PPI or Payment Protection Insurance is very much in the news right now with adverts on television, radio, billboards, spam emails and even spam texts. The latter can be very annoying as texts are sent out to hundreds, maybe thousands of numbers indicating that the recipient definitely has a refund of money to come due to miss-sold PPI. The facts surrounding PPI are a minefield with customers not fully understanding how it was sold to them or even if they had it sold to them. Understanding what PPI is and if you have it, or had it, what you can do about it, is essential plus is something that all borrowers need to investigate fully.
The first thing that borrowers need to be aware of regarding Payment Protection Insurance is that it falls under numerous headings including Credit Insurance, Credit Protection Insurance and Loan Repayment Insurance. This kind of insurance means that consumers who are unfortunate, in that they cannot repay their loan because of ill health, disablement, death or maybe redundancy have their payments insured giving peace of mind.
PPI is sold by providers of credit and banks while it is added to the loan repayments to be paid back, along with the loan, to the lender. PPI can be added to loans for cars, finance company loans plus mortgages, while some credit cards also have a type of PPI too that is standard. Some policies also cover specific risks such as accident insurance or disability insurance. If the PPI needs to be used by the borrower the claim benefit goes to the lender even though it is the borrower who has made all the payments.
PPI normally would cover a loan for around twelve months giving the borrower time to find a new job or recover from an illness that may have befallen them. Deciding if PPI is appropriate for individual borrowers is a difficult assessment to make as most people’s circumstances differ so much. There is a lot to think about when considering taking out PPI rendering customers rather helpless if they are not in the know so to speak, while millions of PPI policies had been sold by the mid two thousands.
So, Why is There Controversy Surrounding PPI?
When it comes to taking out insurance customers realise that in some cases making a claim will be rejected for some reason or other. We all know that we need to read the small print to make sure there are no clauses whereby we would not be able to make a claim. For example if you take out contents cover you have to decide whether to take out accidental damage cover, name specific expensive items plus check what the excess would be in the event of a claim. It has been found with PPI that statistically there have been far more rejected claims than with any other type of insurance. The three main reasons for this are:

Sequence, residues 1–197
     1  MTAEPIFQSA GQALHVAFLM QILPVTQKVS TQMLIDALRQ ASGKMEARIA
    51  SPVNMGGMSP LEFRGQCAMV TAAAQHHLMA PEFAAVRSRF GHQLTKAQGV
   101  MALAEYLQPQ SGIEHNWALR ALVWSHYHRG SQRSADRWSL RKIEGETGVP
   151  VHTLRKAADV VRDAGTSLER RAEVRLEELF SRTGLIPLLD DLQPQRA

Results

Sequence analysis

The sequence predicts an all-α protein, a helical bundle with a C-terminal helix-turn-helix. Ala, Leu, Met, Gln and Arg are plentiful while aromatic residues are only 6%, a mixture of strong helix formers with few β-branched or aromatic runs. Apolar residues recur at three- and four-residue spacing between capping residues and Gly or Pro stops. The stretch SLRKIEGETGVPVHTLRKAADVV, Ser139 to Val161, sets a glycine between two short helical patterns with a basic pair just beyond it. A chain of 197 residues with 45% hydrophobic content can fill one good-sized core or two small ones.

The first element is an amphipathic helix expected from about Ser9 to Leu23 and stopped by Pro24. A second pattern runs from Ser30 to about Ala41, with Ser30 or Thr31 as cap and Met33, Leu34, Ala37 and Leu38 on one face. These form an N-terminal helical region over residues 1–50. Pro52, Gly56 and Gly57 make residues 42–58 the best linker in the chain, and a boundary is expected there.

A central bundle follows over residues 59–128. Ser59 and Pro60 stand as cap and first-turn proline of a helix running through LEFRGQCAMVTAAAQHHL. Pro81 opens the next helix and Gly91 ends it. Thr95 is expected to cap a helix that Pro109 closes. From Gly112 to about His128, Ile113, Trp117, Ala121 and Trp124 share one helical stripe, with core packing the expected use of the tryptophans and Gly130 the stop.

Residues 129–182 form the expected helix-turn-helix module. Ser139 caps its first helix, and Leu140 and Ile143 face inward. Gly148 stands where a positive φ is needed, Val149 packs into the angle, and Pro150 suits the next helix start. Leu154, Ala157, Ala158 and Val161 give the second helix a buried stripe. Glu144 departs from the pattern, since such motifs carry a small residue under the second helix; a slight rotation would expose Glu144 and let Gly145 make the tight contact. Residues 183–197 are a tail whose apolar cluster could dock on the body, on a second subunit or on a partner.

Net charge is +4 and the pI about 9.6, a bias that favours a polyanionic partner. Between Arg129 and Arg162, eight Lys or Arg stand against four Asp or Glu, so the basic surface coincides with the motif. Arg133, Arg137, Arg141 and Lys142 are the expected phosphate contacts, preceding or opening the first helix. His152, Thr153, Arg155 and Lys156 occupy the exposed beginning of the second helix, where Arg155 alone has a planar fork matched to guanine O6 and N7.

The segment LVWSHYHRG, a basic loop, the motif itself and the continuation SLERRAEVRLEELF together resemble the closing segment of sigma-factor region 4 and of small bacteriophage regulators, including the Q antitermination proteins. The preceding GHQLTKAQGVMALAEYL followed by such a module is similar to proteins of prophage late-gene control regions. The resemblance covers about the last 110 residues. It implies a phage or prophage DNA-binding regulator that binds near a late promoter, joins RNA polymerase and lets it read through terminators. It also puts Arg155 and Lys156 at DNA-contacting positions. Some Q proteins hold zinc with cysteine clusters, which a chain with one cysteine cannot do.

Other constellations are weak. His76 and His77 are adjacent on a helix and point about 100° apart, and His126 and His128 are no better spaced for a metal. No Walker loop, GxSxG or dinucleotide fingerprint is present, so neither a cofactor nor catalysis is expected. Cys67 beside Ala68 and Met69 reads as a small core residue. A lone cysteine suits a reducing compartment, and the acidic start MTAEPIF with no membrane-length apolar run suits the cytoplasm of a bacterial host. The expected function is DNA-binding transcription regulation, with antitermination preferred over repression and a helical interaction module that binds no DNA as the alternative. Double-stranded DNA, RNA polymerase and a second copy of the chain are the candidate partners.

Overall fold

- The insurance was not underwritten at the point of sale
- Customers did not fully understand whether they would benefit from PPI or if it suited their purpose
- The policy was taken out without understanding the eligibility facts
With most insurance if you did not take advice as to how it would benefit you it is your own fault but with PPI it is very different. Consumers in most cases do not seek to take out PPI they are given it with some customers (40%) even stating that they did not know it had been added to their loans. This is due to the fact of PPI being sold to them in conjunction with the loan at the same time.
The terms and conditions of PPI tended to be very strict adding to their unpopularity. Such exclusion clauses as not paying out on the first thirty days would mean that in terms of a mortgage payment you would probably miss one month’s mortgage before you would qualify to claim. Stress and back pain were commonly excluded from reasons to claim while students and self employed would find it hard to get cover at all.
Complaints regarding PPI being miss-sold were not dealt with adequately for at least ten years with the main culprits of miss-selling being high street banks, one of which sold over £400 million PPI products making them huge profits as the product has an 80% profit margin. This meant that banks made more money from selling PPI than the interest they made on the actual loans the PPI insured. The whole thing was scandalous as companies would make sure that sellers would tell borrowers their loan was covered by insurance without actually telling them it was at a cost or that they would not qualify for the loan if they didn’t have PPI. The fact that they were on sales commission probably encouraged this.